Bamboo - There are dozens of varieties of Bamboo but I'm going to focus in specifically on a few that are cold hardy and thus can survive in even some of the coldest climates. Macon Rivercane is a bamboo that is native to North America and can survive winter temperatures as cold as -32 celcius. It is characterized by very tight branches which makes it a great choice for a natural fence. Bashania is not as cold tolerant, but still able to withstand winters as cold as -26 celcius, making it suitable for much of the USA and Southern Ontario or British Columbia. If you are considering a bamboo fence and live where it snows you should investigate cold-hardy varieties including Chusquea, Fargesia and Hibanobambusa.

If you decide to build a natural fence I can't recommend enough the importance of making friends with folks at your local independent nursery. While their prices may be higher then big box stores you will be able to ask questions and get advice from trained experts instead of high-school kids making minimum wage.

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Anonymous said...

I'm new here @ and wanna say hi to all the guys/gals of this board!

Anonymous said...

My stupid neighbour destroyed the beautiful 15 year old clematis vine that grew on our common fence because the stem was on his side, now we have no privacy. ( I tacked up a hideous blind that I found on the side of the road so they couldn't gawk at us anymore) He has done many other things too but that is for another time...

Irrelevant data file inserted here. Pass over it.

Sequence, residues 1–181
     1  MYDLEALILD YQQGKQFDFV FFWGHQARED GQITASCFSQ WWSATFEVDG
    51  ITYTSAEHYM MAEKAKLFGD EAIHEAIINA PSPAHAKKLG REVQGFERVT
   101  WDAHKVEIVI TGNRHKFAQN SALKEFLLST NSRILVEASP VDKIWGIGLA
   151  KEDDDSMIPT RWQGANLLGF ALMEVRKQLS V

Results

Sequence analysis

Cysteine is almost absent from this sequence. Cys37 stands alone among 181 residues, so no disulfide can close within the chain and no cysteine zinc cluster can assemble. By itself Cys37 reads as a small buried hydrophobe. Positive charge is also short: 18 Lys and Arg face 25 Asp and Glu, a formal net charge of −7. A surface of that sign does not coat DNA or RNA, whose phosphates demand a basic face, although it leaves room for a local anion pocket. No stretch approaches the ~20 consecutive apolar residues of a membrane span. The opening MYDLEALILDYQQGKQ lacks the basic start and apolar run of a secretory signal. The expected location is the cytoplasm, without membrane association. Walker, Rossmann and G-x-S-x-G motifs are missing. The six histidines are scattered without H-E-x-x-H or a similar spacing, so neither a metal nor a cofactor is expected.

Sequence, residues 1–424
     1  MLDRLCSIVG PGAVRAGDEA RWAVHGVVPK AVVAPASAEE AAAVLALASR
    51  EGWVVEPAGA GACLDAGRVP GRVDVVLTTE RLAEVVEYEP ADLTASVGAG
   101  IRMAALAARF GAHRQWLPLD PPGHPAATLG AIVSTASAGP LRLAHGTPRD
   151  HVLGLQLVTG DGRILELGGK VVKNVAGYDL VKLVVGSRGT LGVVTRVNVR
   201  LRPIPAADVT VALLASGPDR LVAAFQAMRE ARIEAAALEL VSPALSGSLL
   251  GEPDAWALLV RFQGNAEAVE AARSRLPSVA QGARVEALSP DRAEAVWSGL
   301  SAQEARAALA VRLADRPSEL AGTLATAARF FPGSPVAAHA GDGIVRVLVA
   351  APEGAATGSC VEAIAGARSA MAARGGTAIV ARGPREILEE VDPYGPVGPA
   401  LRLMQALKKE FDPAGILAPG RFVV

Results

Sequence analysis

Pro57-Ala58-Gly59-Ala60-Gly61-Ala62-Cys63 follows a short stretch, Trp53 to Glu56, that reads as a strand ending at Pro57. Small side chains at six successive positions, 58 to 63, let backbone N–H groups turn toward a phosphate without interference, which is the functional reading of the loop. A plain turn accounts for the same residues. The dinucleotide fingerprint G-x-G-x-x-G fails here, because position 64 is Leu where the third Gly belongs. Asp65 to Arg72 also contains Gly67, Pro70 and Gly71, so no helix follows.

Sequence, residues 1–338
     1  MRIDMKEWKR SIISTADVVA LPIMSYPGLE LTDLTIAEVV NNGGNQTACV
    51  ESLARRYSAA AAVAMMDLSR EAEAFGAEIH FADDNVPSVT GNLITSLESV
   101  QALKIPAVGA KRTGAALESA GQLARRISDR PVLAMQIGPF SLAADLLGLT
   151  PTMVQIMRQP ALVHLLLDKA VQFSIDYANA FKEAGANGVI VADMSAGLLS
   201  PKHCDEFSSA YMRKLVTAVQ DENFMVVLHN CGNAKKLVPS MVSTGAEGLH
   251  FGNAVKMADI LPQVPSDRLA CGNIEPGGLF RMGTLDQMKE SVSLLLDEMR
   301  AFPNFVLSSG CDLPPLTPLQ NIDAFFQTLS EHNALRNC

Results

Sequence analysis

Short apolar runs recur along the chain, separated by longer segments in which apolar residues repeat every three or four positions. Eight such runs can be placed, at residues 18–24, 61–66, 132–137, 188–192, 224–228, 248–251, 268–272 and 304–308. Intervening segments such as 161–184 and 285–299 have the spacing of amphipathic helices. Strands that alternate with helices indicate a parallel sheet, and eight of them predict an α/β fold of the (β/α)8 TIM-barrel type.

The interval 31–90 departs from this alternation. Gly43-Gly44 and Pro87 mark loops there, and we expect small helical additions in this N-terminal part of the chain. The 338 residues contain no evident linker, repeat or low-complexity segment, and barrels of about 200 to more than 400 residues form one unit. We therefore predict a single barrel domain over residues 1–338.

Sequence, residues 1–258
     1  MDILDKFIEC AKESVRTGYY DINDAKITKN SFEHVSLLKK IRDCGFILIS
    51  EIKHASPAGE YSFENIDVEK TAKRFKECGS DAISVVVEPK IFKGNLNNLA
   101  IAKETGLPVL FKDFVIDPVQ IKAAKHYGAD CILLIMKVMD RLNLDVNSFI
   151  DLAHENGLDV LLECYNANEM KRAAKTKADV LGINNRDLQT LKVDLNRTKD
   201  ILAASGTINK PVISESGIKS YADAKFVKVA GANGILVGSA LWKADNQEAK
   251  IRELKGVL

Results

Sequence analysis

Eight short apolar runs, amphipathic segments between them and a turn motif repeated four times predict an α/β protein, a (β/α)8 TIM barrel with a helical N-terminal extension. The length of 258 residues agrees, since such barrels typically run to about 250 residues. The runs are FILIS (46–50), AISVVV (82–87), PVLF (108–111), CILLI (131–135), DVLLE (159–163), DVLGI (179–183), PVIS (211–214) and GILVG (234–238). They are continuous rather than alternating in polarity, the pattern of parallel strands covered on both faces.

SlicKitty said...

I have a "fence" of bamboo that was already here when I moved in and I think it's extremely important that you notify your readers that many species of bamboo area "spreading", which might sound great...but they can also invade the foundation of your home.
It's impossible to contain, as well.

Careful about recommending bamboo.

Anonymous said...

Also, regarding the bamboo, many towns also have laws against the planting of bamboo for that reason. so it may be against the law to plant.